TIME ebola

Obama Hugs Nurse Who Survived Ebola

President Barack Obama hugs nurse Nina Pham, who was declared free of the Ebola virus after contracting the disease while caring for a Liberian patient in Texas, during a meeting in the Oval Office in Washington on Oct. 24, 2014.
President Barack Obama hugs nurse Nina Pham, who was declared free of the Ebola virus after contracting the disease while caring for a Liberian patient in Texas, during a meeting in the Oval Office in Washington on Oct. 24, 2014. Saul Loeb—AFP/Getty Images

The nurse was cleared of Ebola Friday morning

A few days ago, Dallas nurse Nina Pham lay in bed in an isolated hospital room at National Institutes of Health (NIH) where her doctors donned hazmat suits to care for her. On Friday, President Barack Obama hugged Pham, now free of Ebola, in the open air of the Oval Office.

“Let’s give a hug for the cameras,” he told Pham.

Health and Human Services Secretary Sylvia Burwell, NIH infectious disease head Anthony Fauci, along with several other doctors and family members, were also present at the Friday meeting.

Pham contracted Ebola while caring for Thomas Eric Duncan, the first person diagnosed with Ebola in the United States, who died Oct. 8 at Texas Health Presbyterian Hospital in Dallas. Pham was subsequently moved to NIH in Maryland to undergo treatment, and was declared Ebola-free Friday morning.

After a patient was diagnosed with Ebola in New York City on Thursday, the hug was a triumphant moment amid continued fear over the potential for Ebola to spread in the U.S. White House Press Secretary Josh Earnest told journalists at press briefing Friday that Pham’s recovery served as “a pretty apt reminder that we do have the best medical infrastructure in the world.”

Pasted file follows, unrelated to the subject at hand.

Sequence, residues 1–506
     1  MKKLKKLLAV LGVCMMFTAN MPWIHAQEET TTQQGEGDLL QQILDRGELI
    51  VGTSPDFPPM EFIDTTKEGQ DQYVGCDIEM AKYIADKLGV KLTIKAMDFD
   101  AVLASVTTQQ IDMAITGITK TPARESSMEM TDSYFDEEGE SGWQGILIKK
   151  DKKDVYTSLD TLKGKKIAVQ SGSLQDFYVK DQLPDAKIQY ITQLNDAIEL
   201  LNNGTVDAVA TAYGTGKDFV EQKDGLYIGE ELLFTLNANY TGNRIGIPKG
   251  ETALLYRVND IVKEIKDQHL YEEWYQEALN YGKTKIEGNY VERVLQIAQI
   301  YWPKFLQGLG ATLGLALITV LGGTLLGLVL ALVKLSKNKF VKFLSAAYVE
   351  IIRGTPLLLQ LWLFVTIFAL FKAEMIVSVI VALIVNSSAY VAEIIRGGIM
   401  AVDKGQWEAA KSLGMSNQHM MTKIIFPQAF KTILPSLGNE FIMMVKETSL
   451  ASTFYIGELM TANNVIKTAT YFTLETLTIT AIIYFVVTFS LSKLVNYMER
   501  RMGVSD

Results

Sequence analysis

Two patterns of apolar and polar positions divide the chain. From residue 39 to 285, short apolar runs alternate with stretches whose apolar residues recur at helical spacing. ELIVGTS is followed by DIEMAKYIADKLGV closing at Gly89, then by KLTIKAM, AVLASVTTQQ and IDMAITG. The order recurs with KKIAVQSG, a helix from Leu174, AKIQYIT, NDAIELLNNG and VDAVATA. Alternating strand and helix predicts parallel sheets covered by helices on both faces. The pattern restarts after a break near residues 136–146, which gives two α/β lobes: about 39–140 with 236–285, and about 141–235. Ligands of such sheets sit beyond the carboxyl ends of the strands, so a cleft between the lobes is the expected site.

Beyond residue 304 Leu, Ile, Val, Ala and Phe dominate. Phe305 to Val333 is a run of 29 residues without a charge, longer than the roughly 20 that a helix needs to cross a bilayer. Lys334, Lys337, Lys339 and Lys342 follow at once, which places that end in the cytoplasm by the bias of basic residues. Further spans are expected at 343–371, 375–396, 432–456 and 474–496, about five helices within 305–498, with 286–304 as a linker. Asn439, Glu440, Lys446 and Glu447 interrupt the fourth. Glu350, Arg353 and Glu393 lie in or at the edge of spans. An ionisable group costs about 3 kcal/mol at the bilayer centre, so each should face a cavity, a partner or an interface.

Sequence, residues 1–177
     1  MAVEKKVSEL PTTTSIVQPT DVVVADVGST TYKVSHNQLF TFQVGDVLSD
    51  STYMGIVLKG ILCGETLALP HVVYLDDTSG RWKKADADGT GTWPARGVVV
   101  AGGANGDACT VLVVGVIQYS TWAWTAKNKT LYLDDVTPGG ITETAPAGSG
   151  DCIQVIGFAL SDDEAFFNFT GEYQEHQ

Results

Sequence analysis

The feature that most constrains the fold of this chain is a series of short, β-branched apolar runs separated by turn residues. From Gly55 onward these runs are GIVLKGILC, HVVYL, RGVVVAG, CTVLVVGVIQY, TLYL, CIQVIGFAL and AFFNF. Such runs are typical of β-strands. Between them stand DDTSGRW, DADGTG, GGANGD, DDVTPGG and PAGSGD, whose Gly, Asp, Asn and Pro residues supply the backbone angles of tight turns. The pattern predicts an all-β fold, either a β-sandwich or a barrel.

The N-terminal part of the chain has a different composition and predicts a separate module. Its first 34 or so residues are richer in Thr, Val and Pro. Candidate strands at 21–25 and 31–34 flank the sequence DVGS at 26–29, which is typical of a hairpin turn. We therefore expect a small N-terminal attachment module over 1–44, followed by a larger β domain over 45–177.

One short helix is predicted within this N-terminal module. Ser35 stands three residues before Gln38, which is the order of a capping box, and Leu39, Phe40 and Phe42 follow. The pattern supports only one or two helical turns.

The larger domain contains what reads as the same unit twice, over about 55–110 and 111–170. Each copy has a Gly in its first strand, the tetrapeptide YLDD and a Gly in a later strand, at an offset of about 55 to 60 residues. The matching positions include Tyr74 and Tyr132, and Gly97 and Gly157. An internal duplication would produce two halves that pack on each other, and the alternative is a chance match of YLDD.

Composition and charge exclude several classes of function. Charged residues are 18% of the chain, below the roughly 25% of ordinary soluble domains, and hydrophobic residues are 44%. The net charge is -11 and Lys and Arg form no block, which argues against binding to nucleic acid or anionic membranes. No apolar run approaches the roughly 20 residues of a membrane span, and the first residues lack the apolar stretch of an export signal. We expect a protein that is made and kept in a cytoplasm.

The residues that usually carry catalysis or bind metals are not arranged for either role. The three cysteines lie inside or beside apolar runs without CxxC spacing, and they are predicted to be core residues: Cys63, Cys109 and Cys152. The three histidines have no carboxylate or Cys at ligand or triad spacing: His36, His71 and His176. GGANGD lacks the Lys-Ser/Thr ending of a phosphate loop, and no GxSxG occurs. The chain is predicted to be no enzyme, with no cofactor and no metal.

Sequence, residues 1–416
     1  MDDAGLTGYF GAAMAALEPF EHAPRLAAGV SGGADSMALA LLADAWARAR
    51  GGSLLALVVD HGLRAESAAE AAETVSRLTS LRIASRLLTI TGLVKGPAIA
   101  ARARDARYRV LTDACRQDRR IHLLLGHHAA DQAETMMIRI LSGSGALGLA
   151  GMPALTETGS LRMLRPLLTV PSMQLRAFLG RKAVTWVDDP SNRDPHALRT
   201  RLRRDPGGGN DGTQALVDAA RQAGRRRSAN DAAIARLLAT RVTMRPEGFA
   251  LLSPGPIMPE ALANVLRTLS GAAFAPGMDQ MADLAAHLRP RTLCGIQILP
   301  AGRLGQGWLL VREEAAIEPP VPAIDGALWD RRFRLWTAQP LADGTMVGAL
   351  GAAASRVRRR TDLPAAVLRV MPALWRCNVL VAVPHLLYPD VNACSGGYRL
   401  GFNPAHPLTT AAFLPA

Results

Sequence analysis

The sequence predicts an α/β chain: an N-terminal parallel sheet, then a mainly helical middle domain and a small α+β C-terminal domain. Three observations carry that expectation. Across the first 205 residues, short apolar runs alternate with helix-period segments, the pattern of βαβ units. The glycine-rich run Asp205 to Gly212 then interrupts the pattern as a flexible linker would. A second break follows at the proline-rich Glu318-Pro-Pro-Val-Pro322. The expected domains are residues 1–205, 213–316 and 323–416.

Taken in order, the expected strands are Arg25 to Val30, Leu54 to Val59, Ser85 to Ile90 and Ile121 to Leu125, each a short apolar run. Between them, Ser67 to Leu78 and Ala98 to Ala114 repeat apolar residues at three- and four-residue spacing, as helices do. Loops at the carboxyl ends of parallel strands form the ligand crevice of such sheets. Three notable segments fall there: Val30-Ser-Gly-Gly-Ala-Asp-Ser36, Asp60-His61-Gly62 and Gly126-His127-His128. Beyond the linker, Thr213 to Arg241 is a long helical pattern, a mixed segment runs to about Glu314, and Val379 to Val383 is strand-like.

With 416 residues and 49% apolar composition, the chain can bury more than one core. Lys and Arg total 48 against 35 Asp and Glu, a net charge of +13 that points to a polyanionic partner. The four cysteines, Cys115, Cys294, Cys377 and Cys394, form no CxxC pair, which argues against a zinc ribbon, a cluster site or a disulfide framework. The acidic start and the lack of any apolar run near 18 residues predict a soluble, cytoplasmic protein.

TIME ebola

Mali Hopes Rapid Response to First Ebola Case Will Limit Spread

Electron micrograph of Ebola virus
NIAID/EPA

Two-year-old girl from Guinea tested positive on Oct. 23

Mali became the sixth country in West Africa to be hit by the regional Ebola outbreak after reporting its first case on Thursday. Health Minister Ousmane Kone told state television that a two-year-old girl had traveled from neighboring Guinea, where more than 900 people have died in an outbreak that has killed nearly 4,900 and infected more than 9,900 others. The girl was admitted to a hospital in the western town of Kayes on Wednesday night, where she tested positive for Ebola.

Health officials told the World Health Organization (WHO), according to a report released Friday, that the child was accompanied to Mali by her grandmother. The girl’s mother was reported to have died a few weeks earlier, but WHO could not yet confirm that the grandmother went to Kissidougou, in southern Guinea, for the funeral. The pair returned to Mali by public transportation and arrived in the capital, Bamako, where they stayed for two hours before moving on to Kayes.

The girl had begun bleeding from the nose before she left Guinea, the report found, “meaning that the child was symptomatic during their travels through Mali” and that “multiple opportunities for exposure occurred when the child was visibly symptomatic.” The initial investigation identified 43 close and unprotected contacts, including 10 health workers.